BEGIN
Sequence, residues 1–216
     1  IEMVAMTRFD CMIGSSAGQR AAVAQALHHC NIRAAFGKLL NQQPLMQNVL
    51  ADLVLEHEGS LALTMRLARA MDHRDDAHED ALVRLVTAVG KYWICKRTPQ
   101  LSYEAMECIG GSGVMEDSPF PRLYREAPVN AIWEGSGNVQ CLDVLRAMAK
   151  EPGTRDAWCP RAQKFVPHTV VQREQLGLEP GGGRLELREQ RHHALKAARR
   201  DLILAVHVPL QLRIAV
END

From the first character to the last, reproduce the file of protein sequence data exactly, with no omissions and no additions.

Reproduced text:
Sequence, residues 1–216
     1  IEMVAMTRFD CMIGSSAGQR AAVAQALHHC NIRAAFGKLL NQQPLMQNVL
    51  ADLVLEHEGS LALTMRLARA MDHRDDAHED ALVRLVTAVG KYWICKRTPQ
   101  LSYEAMECIG GSGVMEDSPF PRLYREAPVN AIWEGSGNVQ CLDVLRAMAK
   151  EPGTRDAWCP RAQKFVPHTV VQREQLGLEP GGGRLELREQ RHHALKAARR
   201  DLILAVHVPL QLRIAV